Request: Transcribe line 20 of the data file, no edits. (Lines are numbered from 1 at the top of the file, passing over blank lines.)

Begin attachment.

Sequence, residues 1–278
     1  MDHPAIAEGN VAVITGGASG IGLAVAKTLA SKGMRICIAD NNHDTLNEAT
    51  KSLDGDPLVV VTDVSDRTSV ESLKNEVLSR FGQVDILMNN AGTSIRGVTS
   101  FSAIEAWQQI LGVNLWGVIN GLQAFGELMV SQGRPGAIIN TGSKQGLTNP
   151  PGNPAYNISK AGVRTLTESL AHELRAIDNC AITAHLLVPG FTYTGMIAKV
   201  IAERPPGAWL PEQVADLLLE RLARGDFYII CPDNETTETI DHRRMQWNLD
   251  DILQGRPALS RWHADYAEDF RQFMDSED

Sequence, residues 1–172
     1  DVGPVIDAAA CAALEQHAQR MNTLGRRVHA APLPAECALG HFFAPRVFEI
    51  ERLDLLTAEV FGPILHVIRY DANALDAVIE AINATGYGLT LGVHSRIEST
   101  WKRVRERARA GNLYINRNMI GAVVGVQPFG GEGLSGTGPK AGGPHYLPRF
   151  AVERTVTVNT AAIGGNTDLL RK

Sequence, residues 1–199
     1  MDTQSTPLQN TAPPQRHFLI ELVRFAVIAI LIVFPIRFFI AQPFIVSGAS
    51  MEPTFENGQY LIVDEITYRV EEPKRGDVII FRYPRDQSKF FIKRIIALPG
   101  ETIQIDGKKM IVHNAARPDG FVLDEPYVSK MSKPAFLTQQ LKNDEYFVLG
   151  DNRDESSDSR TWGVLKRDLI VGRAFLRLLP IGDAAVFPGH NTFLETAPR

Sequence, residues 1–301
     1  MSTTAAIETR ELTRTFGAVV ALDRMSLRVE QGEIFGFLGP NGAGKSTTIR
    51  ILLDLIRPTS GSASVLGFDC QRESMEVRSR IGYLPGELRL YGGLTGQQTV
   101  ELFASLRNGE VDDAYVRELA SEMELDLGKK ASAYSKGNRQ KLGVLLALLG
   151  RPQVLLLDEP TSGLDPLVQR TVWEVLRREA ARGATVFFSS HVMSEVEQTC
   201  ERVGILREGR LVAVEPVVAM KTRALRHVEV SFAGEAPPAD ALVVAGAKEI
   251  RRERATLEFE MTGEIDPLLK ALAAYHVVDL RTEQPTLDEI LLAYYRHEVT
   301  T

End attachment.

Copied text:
    51  ILLDLIRPTS GSASVLGFDC QRESMEVRSR IGYLPGELRL YGGLTGQQTV